There was then a substantial hiatus in the correspondence. The next letter is dated 6 June 1893, so nearly five years after the last. Hopkins was by then 30 years old. But it seems that contact of some form was maintained, as Hopkins noted a meeting with Stokes in Greenwich Observatory “last Saturday”, and (as apparently promised), sent Stokes a copy of his book Astronomy for the Every-Day Reader. This, astonishingly, is the work first mentioned by the 14-year-old Hopkins in 1876, now completed and published. And at last the sad tale seems to be at an end, for:
“It has met with unexpected success, the 2nd edition (4th thousand) having been called within three months of the publication of the first.”
Hopkins “little book” was a blockbuster. And once again, this would be the perfect place to end, and indeed I wished the story did end here, with success and fortune and surely more sound astronomical work and scientific achievements and perhaps honours to follow.
This was Hopkins’ last letter to Stokes. And with this letter, and the tale of success, comes the sting in the tail, for in the attempt to have his work published:
“I sold the M.S. to Messrs Philips for the nominal sum of £5… Unfortunately I do not benefit by its large sale.
Kindly let me know that you receive it all right.”
£5 in 1893, carefully administered, was probably enough to pay the family bills for a few weeks. Not for very long however, and certainly not the several months that Hopkins had left to him.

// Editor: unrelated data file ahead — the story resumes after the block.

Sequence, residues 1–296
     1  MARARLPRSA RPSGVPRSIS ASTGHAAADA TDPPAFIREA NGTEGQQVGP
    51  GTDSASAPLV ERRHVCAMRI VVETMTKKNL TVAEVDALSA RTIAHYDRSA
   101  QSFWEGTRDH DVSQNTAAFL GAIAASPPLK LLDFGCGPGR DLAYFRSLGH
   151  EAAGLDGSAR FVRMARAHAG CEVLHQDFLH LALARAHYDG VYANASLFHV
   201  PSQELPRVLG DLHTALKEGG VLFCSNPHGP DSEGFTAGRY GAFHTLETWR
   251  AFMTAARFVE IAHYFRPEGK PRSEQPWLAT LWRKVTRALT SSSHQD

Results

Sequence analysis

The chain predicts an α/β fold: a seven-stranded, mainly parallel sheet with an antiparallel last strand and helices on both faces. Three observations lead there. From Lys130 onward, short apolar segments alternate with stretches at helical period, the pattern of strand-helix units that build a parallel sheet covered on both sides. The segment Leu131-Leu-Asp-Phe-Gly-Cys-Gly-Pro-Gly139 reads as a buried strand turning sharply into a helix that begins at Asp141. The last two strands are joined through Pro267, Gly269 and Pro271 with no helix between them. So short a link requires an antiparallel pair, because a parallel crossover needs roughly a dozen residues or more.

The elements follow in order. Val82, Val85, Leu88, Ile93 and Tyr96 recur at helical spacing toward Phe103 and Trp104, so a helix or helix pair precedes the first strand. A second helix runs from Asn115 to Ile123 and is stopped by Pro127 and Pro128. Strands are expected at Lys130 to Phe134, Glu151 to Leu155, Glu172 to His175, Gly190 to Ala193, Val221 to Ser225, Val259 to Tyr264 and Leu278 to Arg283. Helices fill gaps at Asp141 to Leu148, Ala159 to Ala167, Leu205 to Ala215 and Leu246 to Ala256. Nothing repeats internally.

For Benjamin John Hopkins FRAS died on 16 January 1894 at the desperately early age of 31, leaving (according to his RAS obituary) “an invalid widow and two little girls in very poor circumstances”.
And so, I’ve written this tragic tale for no reason other than to place on a record – somewhere, anywhere – a remembrance of Benjamin John Hopkins, the “astronomer behind the bar”, a young man with a constant, undiminished, searing passion for science and who was true to his promise to never, never give up Astronomy. Some people are not important, but deserve to be remembered, nevertheless.
Hopkins’ letters in the Stokes collection, Cambridge University Library, Collection: GBR/0012/MS, Add 7656, Reel CM04952
Hopkins B.J. (1893), Astronomy for the Every Day Reader, London, George Philip & Son
By Jon Agar, on 2 August 2017
One of the most secret and inaccessible sites in England is the island of Foulness in Essex. An outstation of atomic research, as well as a cluster of other scientific projects that needed space and seclusion, Foulness is also good agricultural land, with a village featuring a steepled church and a pub (both now closed). Once a month during the summer the single access road is opened to allow visitors – tourists, the curious, relatives of islanders, and the odd historian – to explore some of island. I’ve wanted to go for years, and I finally made the trip in May 2017 with friends and family. It was a jolly day out, with a look around the village and volunteer-run Heritage Centre, and a gentle tractor tour around the less sensitive parts of the island. We saw some of the social history of the community, but there was plenty that we did nor or could not see. So I have been digging into the archives and the literature to explore the history of Foulness.